Invasive-weed infestations within Maui County are literally a growing problem. Despite the tough economic recession, invasive species prevention and mitigation programs remain a necessity for conserving our natural and agricultural resources. We need to look back only a few months ago to remember the show of local support for our Hawaii Department of Agriculture inspectors. While some positions were retained, Maui still must deal with the losses of important HDOA positions. Despite these setbacks, our local ranchers and natural area managers remain steadfast to continue the fight against these detrimental weed infestations, simply out of necessity.
In support of these efforts, the University of Hawaii's College of Tropical Agriculture and Human Resources, or CTAHR, is providing a new service in research and extension to the county and across the state. Being new to this position, I currently spend much of my time gaining more intimate knowledge of the invasive-weed problems across Maui so we can develop a research and extension program that will provide new technologies for the "boots on the ground" on our island. My current mission is to investigate efficient management strategies that are environmentally sound and cost effective. Below I describe some of the ongoing work currently being conducted.
Mowing is a tool that has been utilized for decades, but often is relegated to roadside and residential areas for maintenance and beautification. It rarely has utilities as a dedicated method in weed management. Too many times, we've observed weeds respond to mowing with aggressive regrowth, thus making the situation a perpetual battle. In a collaboration between CTAHR and American Machinery Inc., field studies are testing the Wet Blade technology of Diamond Mowers Inc. The technology integrates mechanical mowing with an herbicide wiper application. So far it's proving to be quite useful in eradicating some of the worst weed infestations from our grazing pastures.
Photo courtesy of Maui Invasive Species Committee
A Wet Blade mechanical mower sits in a fireweed-infested Makawao field during a recent demonstration of the technology by James Leary.
The Wet Blade currently in use for on-island demonstrations is a 6-foot-diameter rotary design with swivel-mounted blades made of thick, hardened steel coated with a thin herbicide layer on the underside of the blade. As the mower blade is cutting the vegetation, the herbicide residue is applied instantly to the freshly cut weeds without any drift or nontarget injury. Early results for this technology are proving successful on guava (Psidium guavaja), rauvolfia (Rauvolfia vomitoria), Sacramento burr (Triumfetta semitriloba) and the dreaded fireweed (Senecio madagascariensis). Currently, this technology is showing to be most useful in small-scale pasture renovation, conservation site clearing, orchard-row maintenance and even firebreak establishment.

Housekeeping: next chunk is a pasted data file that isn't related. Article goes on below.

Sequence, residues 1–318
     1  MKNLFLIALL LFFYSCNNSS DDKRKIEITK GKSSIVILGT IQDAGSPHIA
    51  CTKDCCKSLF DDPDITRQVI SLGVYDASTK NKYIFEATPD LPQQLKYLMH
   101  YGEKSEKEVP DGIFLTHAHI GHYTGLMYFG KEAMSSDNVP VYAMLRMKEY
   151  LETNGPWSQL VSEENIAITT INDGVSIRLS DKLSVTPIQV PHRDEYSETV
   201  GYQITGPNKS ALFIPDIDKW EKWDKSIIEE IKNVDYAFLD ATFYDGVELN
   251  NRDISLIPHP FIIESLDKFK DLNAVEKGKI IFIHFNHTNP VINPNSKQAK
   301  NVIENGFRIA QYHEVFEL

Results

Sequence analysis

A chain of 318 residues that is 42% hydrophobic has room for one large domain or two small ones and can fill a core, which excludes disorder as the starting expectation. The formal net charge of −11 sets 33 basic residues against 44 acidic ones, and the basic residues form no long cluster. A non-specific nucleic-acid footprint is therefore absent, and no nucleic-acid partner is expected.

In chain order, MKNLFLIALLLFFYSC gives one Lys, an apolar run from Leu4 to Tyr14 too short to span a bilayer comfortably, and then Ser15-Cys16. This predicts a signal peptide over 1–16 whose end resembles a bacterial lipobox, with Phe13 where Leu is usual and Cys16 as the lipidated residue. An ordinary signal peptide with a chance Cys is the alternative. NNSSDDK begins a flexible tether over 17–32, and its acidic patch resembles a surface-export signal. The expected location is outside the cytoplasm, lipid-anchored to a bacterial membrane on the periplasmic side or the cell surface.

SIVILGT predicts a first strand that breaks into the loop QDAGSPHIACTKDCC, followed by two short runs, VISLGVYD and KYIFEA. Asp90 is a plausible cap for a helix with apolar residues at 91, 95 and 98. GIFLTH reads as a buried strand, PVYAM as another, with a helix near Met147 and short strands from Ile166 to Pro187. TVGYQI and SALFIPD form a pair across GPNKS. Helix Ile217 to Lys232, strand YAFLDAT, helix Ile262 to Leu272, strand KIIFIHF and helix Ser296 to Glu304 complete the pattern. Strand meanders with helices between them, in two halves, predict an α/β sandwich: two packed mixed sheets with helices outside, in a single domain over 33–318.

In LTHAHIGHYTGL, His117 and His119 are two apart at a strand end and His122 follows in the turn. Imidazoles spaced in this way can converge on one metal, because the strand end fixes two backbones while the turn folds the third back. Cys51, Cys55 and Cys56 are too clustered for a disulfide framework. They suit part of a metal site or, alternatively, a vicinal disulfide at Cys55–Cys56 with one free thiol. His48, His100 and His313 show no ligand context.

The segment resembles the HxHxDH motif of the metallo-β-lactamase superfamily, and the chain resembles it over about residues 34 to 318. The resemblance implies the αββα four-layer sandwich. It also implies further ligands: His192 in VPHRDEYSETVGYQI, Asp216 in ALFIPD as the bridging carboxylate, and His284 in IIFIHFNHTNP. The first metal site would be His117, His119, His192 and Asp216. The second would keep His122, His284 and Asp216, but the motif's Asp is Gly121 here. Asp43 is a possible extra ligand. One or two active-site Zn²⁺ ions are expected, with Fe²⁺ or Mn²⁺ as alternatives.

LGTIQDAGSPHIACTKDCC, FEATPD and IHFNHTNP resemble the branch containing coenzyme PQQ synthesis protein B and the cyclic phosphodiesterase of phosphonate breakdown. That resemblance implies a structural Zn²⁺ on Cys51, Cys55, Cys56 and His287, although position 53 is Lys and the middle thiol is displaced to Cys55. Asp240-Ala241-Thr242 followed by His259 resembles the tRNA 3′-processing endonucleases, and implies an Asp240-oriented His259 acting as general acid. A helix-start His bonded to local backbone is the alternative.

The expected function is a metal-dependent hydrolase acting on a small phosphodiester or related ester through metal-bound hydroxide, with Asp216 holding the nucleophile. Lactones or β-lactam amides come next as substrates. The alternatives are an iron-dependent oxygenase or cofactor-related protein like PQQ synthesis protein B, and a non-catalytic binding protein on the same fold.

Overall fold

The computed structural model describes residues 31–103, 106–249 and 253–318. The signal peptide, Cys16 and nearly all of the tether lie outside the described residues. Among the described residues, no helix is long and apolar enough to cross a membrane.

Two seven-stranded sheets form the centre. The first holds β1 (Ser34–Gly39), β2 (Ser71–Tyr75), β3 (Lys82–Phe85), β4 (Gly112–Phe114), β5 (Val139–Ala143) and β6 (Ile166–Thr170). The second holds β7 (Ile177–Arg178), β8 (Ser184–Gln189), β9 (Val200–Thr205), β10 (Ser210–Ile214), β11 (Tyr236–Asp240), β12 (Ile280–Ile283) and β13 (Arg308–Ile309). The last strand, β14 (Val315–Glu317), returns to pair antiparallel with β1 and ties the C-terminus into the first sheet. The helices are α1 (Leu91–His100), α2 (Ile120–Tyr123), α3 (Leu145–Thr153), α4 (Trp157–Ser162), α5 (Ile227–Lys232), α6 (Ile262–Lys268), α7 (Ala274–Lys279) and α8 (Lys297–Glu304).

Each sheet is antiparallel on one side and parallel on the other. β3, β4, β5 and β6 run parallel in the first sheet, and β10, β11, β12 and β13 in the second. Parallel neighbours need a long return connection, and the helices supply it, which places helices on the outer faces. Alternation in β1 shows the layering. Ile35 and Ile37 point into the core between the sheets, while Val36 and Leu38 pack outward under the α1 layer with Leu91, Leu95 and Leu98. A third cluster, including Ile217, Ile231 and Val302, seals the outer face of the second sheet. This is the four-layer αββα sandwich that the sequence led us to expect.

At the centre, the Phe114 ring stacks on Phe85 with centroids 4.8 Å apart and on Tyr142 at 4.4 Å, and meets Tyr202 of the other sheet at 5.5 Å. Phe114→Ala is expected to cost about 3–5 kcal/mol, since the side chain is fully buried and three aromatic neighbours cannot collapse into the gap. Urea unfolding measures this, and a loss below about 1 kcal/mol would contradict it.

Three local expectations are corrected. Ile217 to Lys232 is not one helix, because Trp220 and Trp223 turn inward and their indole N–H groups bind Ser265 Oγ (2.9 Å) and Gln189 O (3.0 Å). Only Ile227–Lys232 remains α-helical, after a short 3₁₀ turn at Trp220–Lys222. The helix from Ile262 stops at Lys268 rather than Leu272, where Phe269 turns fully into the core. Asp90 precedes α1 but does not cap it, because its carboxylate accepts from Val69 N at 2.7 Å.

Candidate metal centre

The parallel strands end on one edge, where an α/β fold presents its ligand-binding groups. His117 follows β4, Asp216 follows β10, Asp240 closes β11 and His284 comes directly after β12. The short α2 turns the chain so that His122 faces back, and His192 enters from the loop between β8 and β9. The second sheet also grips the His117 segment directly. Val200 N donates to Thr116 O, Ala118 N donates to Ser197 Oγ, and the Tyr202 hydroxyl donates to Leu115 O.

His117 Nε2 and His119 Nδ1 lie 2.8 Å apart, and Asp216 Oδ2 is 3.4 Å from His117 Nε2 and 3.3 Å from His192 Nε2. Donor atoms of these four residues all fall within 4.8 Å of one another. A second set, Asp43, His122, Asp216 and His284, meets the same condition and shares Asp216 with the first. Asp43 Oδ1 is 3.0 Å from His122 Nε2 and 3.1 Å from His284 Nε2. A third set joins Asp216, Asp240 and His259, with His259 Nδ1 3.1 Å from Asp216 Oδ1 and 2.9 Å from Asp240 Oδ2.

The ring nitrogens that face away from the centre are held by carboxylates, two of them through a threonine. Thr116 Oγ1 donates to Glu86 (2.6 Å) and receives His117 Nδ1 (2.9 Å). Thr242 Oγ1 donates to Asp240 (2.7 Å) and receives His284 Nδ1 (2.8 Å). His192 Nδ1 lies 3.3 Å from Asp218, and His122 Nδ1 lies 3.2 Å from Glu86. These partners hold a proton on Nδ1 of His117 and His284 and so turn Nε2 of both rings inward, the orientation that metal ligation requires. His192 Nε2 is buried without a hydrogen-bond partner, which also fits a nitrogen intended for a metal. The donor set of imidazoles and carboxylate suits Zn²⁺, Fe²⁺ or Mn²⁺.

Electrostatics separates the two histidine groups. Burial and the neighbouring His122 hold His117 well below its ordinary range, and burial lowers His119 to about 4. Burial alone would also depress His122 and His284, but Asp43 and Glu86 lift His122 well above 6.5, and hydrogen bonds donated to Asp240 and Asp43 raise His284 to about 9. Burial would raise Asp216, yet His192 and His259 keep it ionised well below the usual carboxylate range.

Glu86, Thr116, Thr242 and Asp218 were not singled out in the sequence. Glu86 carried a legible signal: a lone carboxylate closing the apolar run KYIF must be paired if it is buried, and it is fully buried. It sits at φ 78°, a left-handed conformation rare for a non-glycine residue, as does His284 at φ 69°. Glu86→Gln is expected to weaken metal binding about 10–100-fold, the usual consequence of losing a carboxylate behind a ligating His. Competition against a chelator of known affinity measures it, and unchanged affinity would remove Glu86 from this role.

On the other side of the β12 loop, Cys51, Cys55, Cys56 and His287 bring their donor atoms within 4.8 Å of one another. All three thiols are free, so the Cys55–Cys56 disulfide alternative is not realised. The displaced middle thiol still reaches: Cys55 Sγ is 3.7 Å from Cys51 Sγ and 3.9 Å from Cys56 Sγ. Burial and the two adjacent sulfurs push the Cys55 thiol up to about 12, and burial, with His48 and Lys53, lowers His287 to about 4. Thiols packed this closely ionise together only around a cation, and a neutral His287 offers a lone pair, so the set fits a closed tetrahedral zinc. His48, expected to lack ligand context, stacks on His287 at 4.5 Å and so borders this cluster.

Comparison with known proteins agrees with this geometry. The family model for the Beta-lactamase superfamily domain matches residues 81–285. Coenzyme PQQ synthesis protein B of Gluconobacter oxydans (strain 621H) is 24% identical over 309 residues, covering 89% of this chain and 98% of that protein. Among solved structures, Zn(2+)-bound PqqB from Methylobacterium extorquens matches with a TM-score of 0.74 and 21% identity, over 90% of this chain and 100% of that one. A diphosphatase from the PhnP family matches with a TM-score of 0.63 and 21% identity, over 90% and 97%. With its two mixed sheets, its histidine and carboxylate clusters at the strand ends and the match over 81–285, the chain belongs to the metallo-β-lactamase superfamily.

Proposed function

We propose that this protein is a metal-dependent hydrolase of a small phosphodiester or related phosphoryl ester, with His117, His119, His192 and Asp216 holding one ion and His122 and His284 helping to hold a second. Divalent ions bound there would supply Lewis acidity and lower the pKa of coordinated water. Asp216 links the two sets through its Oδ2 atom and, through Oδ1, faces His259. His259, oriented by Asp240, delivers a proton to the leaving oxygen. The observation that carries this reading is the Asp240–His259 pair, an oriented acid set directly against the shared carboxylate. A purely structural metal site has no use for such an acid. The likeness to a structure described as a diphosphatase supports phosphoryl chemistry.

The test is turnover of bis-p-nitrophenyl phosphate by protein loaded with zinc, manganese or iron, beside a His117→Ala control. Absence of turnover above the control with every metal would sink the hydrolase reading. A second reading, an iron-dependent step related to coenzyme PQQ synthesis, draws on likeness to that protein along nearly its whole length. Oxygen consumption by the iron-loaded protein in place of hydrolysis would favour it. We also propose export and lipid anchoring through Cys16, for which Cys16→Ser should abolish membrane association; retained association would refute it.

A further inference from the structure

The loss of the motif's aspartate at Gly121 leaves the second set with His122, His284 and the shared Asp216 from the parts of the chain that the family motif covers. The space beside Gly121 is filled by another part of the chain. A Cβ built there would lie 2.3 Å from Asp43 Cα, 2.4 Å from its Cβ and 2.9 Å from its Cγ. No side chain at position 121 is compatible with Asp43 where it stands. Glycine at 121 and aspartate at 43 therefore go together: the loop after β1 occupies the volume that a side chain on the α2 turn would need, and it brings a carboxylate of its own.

An important component of all invasive-weed management strategies is to mitigate efficiently and effectively the spread of small satellite populations to prevent them from becoming major infestations. Many natural areas in Hawaii consist of extremely steep, densely vegetated or otherwise inaccessible terrain that requires a significant amount of time and energy to access for eradication. Accessing certain areas requires rappelling, which is dangerous but necessary work. CTAHR is developing new technologies that can deliver discreet herbicide doses accurately from safer long-range distances.
The recreational paint-ball industry has contributed to the technological advancements of liquid encapsulation and pneumatic ballistics. These existing technologies have been adopted for developing a new invasive-weed-management tool called Herbicide Ballistic Technology, or HBT. Small volumes of herbicide are encapsulated into gelatin projectiles that can be delivered to specific weeds with extreme accuracy using a standard paint-ball gun. The first prototype batches of HBT capsules were highly effective in trials targeting Australian tree fern (Sphaeropteris cooperi), banana poka (Passiflora mollissima) and kahili ginger (Hedychium gardnerianum) from more than 100 feet away. While HBT is still in the stage of experimental development, we have high hopes that this new technology will become available for assisting field crews with safer pesticide handling and an improved application technique that ultimately will provide a more surgical approach to weed control.
To learn more about the technologies being developed for invasive-weed management in Hawaii, please visit our "HawaiiRREA" channel at www.youtube.com, and for further inquiry, please contact your new extension specialist at firstname.lastname@example.org. The use of brand names in this article are not endorsing these products so much as promoting the concept of adopting new technologies for safe and effective weed management.
* James Leary is a specialist for the invasive-weed-management station at the Maui Agricultural Research Center in Kula.He holds a doctorate in weed ecology from the University of Hawaii at Manoa. Kia'i Moku, Guarding the Island, is prepared by the Maui Invasive Species Committee to provide information on protecting the island from invasive plants and animals that can threaten the island's environment, economy and quality of life.